The European Union has funded a project to improve personalized treatments for ovarian cancer with nearly 15 million euros for five years. The international DECIDER project has partners from 14 organizations in seven EU countries.
In Europe, over 40 000 women die of ovarian cancer every year. In addition to surgery, most patients are treated with platinum-based chemotherapy. Unfortunately, the effect of the chemotherapy often decreases during the treatment cycles, and currently there are few effective treatments to those patients who develop resistance to platinum-based drugs.
The project starts in February and will develop diagnostic tools to identify earlier and more reliably patients whose cancer is not responding to the current treatments. The research also aims to discover effective combination treatments based on the data measured from the tumours.
“Cancer is one of the leading causes of mortality in the world and as the population ages, the incidence of cancers will only increase. Any new tools that enable better and more targeted treatment of cancers in the future will not only decrease the amount of human suffering, but also the burden on healthcare,” says Sampsa Hautaniemi, a professor at the University of Helsinki and coordinator of the DECIDER project.
Artificial intelligence to integrate and visualise patient information for doctors
In the project, a patient’s response to treatments is predicted using methods, which use, among others, histopathological and genomic data from the patient. Genomic changes and aberrations in gene functions are used to find effective, personalized treatments.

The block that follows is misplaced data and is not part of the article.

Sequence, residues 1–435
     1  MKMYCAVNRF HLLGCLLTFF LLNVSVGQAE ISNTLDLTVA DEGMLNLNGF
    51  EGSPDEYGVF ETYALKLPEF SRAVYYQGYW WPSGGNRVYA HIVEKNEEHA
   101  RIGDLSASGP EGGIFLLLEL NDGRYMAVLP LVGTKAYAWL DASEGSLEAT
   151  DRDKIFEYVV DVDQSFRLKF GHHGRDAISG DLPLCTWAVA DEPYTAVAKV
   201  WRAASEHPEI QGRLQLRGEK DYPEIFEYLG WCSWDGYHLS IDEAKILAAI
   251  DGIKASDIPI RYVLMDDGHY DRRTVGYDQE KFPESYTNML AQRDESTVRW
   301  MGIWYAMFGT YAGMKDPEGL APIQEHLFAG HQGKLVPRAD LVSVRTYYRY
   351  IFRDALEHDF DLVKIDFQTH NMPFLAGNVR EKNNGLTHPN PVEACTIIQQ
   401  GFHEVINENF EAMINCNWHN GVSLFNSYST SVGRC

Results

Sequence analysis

“We will develop an open source program, which will integrate and visualize all relevant data from a patient. Using this information, doctors can more easily identify effective drugs for their patient,” says Hautaniemi, whose research group works in the project on method development as well as analysis, integration and interpretation of the data measured from the tumours.
An important part of the project is collaboration with SMEs in developing, producing and registering diagnostic kits, producing a drug-sensitivity test based on the tumour tissue samples, developing image based diagnostics of digital samples, and developing data pseudonymisation and anonymisation techniques necessary for the management of sensitive patient data for privacy risk protection.
All patients participating in the research are treated in Finland, and Finnish patient organizations have an important advisory role in the project.
Legal researchers address ethical and legal concerns
In addition to medical research, the project also includes a legal work package that addresses the ethical and legal concerns that may arise in the project. Furthermore, the legal researchers will also study whether there are inconsistencies between the pharmaceutical regulatory system and other relevant legislation.
“Our aim is to overcome legal challenges that impede or slow down the provision of new treatments for chemotherapy resistance in high-grade serous ovarian cancer patients. We want to facilitate the commercialisation and availability of personalized therapies in an ethically and legally sustainable manner,” says Professor Päivi Korpisaari.
The project has been funded by European Union’s Horizon 2020 research and innovation programme under grant agreement No 965193.